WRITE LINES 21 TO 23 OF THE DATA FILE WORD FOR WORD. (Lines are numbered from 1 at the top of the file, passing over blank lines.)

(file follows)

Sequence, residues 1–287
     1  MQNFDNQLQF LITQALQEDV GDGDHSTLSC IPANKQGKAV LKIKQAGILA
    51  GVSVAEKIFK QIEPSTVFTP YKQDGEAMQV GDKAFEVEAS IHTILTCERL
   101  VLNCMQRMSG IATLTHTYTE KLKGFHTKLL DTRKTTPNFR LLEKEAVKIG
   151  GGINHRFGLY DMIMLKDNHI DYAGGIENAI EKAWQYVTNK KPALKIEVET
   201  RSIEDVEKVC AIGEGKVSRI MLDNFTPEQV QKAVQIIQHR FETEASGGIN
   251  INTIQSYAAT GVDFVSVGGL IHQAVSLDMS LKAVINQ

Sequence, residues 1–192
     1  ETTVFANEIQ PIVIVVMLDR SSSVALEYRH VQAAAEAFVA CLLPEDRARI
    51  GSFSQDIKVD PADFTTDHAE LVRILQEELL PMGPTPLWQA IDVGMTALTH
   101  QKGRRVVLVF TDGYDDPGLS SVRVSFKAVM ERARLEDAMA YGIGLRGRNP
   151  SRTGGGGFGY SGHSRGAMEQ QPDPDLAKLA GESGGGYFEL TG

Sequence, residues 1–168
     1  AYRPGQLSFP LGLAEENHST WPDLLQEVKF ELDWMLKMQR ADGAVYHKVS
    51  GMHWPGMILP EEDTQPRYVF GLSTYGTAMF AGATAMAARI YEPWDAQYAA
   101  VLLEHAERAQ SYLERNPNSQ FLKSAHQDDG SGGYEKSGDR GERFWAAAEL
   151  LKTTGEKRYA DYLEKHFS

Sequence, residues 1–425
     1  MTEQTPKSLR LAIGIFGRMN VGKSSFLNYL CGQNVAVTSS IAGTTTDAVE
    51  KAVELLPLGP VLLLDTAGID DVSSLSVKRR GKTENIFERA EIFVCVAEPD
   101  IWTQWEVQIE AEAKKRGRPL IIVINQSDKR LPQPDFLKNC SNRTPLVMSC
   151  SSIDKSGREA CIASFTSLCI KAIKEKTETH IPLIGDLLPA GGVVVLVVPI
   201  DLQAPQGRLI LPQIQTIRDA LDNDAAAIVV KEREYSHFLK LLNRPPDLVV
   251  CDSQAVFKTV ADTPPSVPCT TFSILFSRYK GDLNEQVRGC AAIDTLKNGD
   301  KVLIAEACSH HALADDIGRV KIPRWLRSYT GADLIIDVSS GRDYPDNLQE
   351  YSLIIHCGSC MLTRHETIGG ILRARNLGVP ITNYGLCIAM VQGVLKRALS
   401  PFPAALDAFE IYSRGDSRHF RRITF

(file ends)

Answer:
   101  IWTQWEVQIE AEAKKRGRPL IIVINQSDKR LPQPDFLKNC SNRTPLVMSC
   151  SSIDKSGREA CIASFTSLCI KAIKEKTETH IPLIGDLLPA GGVVVLVVPI
   201  DLQAPQGRLI LPQIQTIRDA LDNDAAAIVV KEREYSHFLK LLNRPPDLVV